(CN) — Two South Dakota Sioux tribes partnered with a voting rights group to bring a federal lawsuit against the state on Wednesday, claiming multiple agencies failed to offer voter registration services.
The Rosebud and Oglala Sioux tribes claim that the state violated the National Voter Registration Act by failing to provide opportunities to register voters and update voters’ registration information at motor vehicle agencies as well as public assistance offices.
The tribes claim it is the duty of these state agencies to provide services to “citizens who engage in common interactions with the offices.”
“Because of these violations of the NVRA, South Dakota is depriving thousands of tribal members and other citizens of their federally guaranteed opportunities to register to vote and to change their voter registration addresses when these citizens interact with state agencies,” the 42-page complaint states.
Passed in 1993, the NVRA, also known as the Motor Voter Law, sought to increase the number of eligible citizens who can register to vote in elections for federal office.
According to the complaint, the tribes claim numerous South Dakota agencies violated multiple sections of the NVRA in which the state is required to provide assistance at motor vehicle and assistance offices.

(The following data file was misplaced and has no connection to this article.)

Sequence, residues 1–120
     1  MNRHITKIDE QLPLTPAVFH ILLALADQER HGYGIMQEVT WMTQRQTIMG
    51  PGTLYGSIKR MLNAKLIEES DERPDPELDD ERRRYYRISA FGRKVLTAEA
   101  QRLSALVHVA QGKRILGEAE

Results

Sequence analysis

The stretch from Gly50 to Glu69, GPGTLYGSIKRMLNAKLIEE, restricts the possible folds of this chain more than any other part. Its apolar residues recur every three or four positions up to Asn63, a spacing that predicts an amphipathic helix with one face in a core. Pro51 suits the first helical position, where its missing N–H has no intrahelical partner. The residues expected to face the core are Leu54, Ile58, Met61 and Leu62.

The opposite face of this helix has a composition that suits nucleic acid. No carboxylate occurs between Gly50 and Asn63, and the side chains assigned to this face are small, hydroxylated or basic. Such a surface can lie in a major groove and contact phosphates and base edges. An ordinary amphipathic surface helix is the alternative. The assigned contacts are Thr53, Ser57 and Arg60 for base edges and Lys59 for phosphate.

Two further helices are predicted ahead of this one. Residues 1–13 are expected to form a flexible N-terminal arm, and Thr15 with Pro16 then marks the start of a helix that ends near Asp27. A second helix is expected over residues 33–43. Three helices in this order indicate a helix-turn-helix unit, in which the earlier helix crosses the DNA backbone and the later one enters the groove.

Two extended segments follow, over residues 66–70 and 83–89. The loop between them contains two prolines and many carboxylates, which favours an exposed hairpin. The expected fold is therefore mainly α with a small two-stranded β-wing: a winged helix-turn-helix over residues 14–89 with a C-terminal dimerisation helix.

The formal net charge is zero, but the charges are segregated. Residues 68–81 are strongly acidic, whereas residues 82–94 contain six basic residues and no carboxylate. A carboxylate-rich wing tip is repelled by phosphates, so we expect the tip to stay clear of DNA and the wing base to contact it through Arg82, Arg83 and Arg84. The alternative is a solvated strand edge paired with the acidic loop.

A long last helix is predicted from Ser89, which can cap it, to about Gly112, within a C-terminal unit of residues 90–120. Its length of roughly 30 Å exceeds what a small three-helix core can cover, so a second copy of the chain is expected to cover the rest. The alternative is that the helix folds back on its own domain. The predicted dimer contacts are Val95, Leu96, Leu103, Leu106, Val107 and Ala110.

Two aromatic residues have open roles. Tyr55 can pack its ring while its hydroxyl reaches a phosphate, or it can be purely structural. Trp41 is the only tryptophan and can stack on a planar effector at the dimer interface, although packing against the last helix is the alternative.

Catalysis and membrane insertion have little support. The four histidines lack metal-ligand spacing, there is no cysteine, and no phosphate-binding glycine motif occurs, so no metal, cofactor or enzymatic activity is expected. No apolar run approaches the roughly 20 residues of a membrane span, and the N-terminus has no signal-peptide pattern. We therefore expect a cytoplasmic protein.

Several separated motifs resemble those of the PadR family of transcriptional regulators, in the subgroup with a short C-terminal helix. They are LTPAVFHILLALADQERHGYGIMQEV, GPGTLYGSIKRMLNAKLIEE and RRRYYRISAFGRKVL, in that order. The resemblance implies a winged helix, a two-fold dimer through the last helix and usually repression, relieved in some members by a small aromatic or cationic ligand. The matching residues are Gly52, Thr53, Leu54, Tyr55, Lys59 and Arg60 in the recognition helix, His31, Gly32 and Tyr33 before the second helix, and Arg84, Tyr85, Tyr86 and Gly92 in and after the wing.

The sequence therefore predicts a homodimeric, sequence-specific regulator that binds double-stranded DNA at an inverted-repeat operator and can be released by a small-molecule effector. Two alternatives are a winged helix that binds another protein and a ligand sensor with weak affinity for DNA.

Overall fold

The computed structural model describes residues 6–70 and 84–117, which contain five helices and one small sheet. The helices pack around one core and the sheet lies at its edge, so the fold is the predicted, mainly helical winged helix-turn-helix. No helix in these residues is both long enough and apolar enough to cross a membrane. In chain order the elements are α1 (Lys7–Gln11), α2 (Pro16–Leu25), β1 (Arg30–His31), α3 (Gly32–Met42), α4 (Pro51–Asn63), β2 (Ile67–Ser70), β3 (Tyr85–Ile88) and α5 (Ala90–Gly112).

Four Directions Inc., a voting rights and advocacy group, joined the tribes in their lawsuit against South Dakota’s Department of Public Safety, Department of Social Services, and Department of Labor and Regulation with Secretary of State Steve Barnett also named as a defendant.
“The South Dakota Driver License/I.D. Card Application fails to indicate that a change of address for driver’s license purposes will automatically update the address for voter registration purposes unless the customer opts out,” The tribe claims. “However, in violation of Section 5 (NVRA), the Secretary of State does not consistently use this information to update voter registration records.”
According to the complaint, the secretary of state only updates a voter’s registration record to reflect a new address when the voter takes “affirmative steps” to register to vote or update voting information.
The Secretary of State’s office did not immediately respond for comment.